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Entropy, Volume 3, Issue 2 (June 2001) – 4 articles , Pages 27-75

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Article
Entropy Bounds, Holographic Principle and Uncertainty Relation
Entropy 2001, 3(2), 66-75; https://doi.org/10.3390/e3020066 - 20 Jun 2001
Cited by 6 | Viewed by 4941
Abstract
A simple derivation of the bound on entropy is given and the holographic principle is discussed. We estimate the number of quantum states inside space region on the base of uncertainty relation. The result is compared with the Bekenstein formula for entropy bound, [...] Read more.
A simple derivation of the bound on entropy is given and the holographic principle is discussed. We estimate the number of quantum states inside space region on the base of uncertainty relation. The result is compared with the Bekenstein formula for entropy bound, which was initially derived from the generalized second law of thermodynamics for black holes. The holographic principle states that the entropy inside a region is bounded by the area of the boundary of that region. This principle can be called the kinematical holographic principle. We argue that it can be derived from the dynamical holographic principle which states that the dynamics of a system in a region should be described by a system which lives on the boundary of the region. This last principle can be valid in general relativity because the ADM hamiltonian reduces to the surface term. Full article
Meeting Report
"Information Theory and its Applications to Biology, Finance and Physics" at the Stefan Banach International Mathematical Center (Warsaw, Poland), May 21-26, 2001
Entropy 2001, 3(2), 64-65; https://doi.org/10.3390/e3020064 - 11 Jun 2001
Viewed by 3899
Abstract
The conference was held at the Banach Centre [1] within the European Union Programme Centres of Excellence.[...] Full article
Article
A Cellular Automata Study of Constraints (Dissolvence) in a Percolating Many-Particle System
Entropy 2001, 3(2), 27-57; https://doi.org/10.3390/e3020027 - 11 Apr 2001
Cited by 2 | Viewed by 5714
Abstract
In a recent study by Kier, Cheng and Testa, simulations were carried out to monitor and quantify the emergence of a collective phenomenon, namely percolation, in a many-particle system modeled by cellular automata (CA). In the present study, the same setup was used [...] Read more.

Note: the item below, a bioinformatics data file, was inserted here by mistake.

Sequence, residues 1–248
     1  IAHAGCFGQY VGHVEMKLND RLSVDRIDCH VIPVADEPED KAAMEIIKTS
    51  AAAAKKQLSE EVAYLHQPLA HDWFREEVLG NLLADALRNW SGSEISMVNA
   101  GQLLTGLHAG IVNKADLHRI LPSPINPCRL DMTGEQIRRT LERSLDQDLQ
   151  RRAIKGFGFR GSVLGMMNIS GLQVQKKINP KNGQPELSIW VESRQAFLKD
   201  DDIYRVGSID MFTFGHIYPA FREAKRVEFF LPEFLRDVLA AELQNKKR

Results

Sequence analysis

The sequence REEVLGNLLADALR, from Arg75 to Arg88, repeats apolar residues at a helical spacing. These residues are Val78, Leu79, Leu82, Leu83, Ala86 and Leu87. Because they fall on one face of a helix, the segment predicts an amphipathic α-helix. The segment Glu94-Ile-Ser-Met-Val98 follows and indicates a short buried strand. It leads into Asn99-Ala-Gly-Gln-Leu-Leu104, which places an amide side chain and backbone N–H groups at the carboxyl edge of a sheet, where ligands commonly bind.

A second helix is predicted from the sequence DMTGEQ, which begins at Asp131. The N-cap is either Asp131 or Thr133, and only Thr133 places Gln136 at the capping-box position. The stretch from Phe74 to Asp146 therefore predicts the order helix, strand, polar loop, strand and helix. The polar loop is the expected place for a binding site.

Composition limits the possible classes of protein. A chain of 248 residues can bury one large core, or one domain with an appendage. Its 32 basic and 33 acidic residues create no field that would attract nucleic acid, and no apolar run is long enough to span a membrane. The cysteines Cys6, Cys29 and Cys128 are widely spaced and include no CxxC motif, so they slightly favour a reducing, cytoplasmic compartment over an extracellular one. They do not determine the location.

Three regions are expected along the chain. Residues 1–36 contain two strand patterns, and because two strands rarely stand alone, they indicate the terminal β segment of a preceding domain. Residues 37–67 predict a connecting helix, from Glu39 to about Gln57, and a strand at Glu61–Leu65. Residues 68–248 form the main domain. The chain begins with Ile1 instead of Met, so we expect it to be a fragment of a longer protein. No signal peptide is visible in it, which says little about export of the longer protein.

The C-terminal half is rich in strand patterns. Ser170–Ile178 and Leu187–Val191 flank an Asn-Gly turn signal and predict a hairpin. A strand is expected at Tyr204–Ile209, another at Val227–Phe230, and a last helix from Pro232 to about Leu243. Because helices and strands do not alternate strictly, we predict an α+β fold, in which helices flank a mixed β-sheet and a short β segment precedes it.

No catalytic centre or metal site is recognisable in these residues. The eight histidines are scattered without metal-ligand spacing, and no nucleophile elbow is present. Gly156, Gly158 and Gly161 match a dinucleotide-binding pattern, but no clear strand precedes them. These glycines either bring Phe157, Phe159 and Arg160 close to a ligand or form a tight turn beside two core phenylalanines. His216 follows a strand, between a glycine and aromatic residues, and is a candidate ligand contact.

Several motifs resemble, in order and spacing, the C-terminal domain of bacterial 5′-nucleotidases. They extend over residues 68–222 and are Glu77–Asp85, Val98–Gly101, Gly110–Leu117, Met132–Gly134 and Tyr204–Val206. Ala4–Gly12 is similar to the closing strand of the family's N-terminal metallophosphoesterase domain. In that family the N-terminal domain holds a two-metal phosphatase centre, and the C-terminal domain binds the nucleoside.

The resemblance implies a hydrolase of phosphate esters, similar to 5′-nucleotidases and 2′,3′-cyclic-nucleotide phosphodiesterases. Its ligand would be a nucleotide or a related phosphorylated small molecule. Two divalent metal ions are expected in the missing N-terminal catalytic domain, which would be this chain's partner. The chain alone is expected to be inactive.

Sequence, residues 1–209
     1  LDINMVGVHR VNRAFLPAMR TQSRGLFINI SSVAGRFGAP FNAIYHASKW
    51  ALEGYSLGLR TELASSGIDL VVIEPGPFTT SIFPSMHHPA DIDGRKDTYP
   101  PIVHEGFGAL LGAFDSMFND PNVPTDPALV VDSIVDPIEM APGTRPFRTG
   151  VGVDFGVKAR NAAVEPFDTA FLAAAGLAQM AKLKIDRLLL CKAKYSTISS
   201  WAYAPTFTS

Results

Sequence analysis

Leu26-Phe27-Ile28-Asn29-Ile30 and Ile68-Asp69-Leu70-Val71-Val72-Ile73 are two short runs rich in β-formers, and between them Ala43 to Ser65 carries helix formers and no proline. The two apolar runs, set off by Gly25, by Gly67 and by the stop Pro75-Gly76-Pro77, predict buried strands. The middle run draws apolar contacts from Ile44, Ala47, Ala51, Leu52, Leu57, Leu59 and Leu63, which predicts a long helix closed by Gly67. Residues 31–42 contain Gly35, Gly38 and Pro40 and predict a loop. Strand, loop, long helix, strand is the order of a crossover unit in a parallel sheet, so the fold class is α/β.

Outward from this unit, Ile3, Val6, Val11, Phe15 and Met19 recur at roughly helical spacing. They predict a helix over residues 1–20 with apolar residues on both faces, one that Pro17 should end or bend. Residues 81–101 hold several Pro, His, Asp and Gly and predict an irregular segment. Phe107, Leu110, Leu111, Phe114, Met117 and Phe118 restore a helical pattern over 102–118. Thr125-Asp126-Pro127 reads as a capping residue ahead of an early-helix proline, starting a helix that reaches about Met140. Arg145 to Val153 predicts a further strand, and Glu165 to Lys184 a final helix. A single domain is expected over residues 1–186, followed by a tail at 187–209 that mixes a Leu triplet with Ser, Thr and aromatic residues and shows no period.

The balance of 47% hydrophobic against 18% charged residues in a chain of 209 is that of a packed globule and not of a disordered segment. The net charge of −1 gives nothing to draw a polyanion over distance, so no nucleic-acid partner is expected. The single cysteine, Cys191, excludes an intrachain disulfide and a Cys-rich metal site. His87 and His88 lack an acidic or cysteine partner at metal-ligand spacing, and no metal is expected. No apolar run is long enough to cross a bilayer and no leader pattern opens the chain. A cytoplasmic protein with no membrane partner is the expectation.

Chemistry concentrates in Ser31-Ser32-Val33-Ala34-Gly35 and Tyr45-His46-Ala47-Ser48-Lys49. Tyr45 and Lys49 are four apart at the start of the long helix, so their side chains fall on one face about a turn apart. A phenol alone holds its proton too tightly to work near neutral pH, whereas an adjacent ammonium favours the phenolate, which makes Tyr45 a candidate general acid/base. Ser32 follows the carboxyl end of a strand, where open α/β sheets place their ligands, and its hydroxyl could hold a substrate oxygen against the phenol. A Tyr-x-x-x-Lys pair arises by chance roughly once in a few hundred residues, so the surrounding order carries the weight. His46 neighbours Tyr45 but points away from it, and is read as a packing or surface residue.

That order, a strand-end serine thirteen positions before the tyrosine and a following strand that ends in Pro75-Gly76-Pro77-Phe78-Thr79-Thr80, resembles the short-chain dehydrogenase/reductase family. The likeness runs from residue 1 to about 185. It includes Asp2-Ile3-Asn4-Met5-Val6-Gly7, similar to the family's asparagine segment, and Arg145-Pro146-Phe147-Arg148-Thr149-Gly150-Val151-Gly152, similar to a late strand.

In a recent study by Kier, Cheng and Testa, simulations were carried out to monitor and quantify the emergence of a collective phenomenon, namely percolation, in a many-particle system modeled by cellular automata (CA). In the present study, the same setup was used to monitor the counterpart to collective behavior, namely the behavior of individual particles, as modeled by occupied cells in the CA simulations. As in the previous study, the input variables were the concentration of occupied cells and their joining and breaking probabilities. The first monitored attribute was the valence configuration (state) of the occupied cells, namely the percent of occupied cells in configuration Fi (%Fi), where i = number of occupied cells joined to that cell. The second monitored attribute was a functional one, namely the probability (in %) of a occupied cell in configuration Fi to move during one iteration (%Mi). First, this study succeeded in quantifying the expected, strong direct influences of the initial conditions on the configuration and movement of occupied cells. Statistical analyses unveiled correlations between initial conditions and cell configurations and movements. In particular, the distribution of configurations (%Fi) varied with concentration with a kinematic-like regularity amenable to mathematical modeling. However, another result also emerged from the work, such that the joining, breaking and concentration factors not only influenced the movement of occupied cells, they also modified each other's influence (Figure 1). These indirect influences have been demonstrated quite clearly, and some partial statistical descriptions were established. Thus, constraints at the level of ingredients (dissolvence) have been characterized as a counterpart to the emergence of a collective behavior (percolation) in very simple CA simulations. Full article
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Article
Maximum Entropy: Clearing up Mysteries
Entropy 2001, 3(2), 58-63; https://doi.org/10.3390/e3020058 - 08 Apr 2001
Cited by 13 | Viewed by 4817
Abstract
There are several mystifications and a couple of mysteries pertinent to MaxEnt. The mystifications, pitfalls and traps are set up mainly by an unfortunate formulation of Jaynes' die problem, the cause célèbre of MaxEnt. After discussing the mystifications a new formulation of the [...] Read more.
There are several mystifications and a couple of mysteries pertinent to MaxEnt. The mystifications, pitfalls and traps are set up mainly by an unfortunate formulation of Jaynes' die problem, the cause célèbre of MaxEnt. After discussing the mystifications a new formulation of the problem is proposed. Then we turn to the mysteries. An answer to the recurring question 'Just what are we accomplishing when we maximize entropy?' [8], based on MaxProb rationale of MaxEnt [6], is recalled. A brief view on the other mystery: 'What is the relation between MaxEnt and the Bayesian method?' [9], in light of the MaxProb rationale of MaxEnt suggests that there is not and cannot be a conflict between MaxEnt and Bayes Theorem. Full article
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